In the past the preparation Salinas and consumption of bread were accompanied by numerous prescriptions and interdictions. My grandmother and my mother, who gave bread to our Salinas, used to say that it was a bad omen to send yeast after the Salinas, when it was dark, and one could run into the errant souls of the dead. I was happy about their generosity in giving but it took me a long time to understand Salinas why the levatu, yeast, had to be passed on when there was still daylight.
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When a new batch of bread was put in the oven I would participate. I enjoyed seeing the movements of the women, their skill, the art of working the flour into dough and the delicateness with which they cleaned the oven or would lay the smaller left-over pieces of bread. Before putting the dough into the oven, grandmother would say: “A Deu sia lodato,” “All praise to the Lord,” while mother or one of the women closest by or who chanced to be at the window to say hello would reply: “Oje e sempre,” “Now and always.” Then they would cross themselves and would pray: “San Martinu pane cotto e furnu chinu; San Vincenzu lu ‘ncenzu; Santa Rosa la bella rosa; Santu Nicola tuttu chizu chi ci vole.” “Saint Martin, bread well-cooked and oven full; Saint Vincent and incense; Saint Rose and beautiful roses; Saint Nicholas and all we need.” Then they would close with the Lord’s prayer and a Hail Mary and would again cross themselves.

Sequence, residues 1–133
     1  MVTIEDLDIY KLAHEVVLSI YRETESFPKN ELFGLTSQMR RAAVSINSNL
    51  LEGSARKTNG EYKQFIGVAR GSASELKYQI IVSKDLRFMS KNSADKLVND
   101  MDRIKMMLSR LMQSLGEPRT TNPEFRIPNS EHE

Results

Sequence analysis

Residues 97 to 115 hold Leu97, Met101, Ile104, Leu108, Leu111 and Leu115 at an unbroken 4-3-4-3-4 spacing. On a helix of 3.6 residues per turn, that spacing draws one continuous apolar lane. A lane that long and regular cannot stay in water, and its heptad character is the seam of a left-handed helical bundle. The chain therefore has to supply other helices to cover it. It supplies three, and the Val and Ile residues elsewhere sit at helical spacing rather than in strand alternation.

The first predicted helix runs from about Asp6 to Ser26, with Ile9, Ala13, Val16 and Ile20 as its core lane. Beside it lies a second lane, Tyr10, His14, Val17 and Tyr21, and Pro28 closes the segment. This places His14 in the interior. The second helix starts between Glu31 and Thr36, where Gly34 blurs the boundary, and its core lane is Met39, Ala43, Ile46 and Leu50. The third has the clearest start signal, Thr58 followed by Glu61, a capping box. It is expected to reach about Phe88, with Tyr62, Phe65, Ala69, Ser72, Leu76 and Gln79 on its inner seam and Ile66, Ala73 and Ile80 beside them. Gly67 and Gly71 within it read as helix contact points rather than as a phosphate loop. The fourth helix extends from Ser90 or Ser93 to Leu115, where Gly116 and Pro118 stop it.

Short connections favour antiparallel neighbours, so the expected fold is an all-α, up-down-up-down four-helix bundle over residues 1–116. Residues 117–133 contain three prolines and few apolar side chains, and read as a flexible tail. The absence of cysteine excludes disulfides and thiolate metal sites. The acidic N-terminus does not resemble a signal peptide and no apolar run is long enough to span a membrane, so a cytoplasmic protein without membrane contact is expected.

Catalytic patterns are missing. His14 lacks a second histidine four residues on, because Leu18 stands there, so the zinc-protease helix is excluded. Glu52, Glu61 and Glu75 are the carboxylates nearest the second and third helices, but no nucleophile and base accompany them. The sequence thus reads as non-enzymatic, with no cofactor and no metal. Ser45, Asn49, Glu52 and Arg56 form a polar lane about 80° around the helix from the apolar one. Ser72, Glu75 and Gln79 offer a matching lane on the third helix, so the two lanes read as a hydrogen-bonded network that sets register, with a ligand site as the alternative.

The oven was the centre of the house, of the village, of the agrarian universe. Still today in many villages the consumption of bread is never without gestures, prayers, rites of thanks. Bread had to be put on the table on the flat side, because the round side stood for the face of the Lord and it would have been a sign of scorn towards God’s graces to overturn the loaf. For the same reason, it was considered a grave sin to insert the point of the knife in the bread. The nostalgia for the “civilization of bread,” during which a lot of care would be given to left-overs, to discarded pieces and the soft part of bread, isn’t a senseless and improbable return to the good old times but a refusal of waste and excess.
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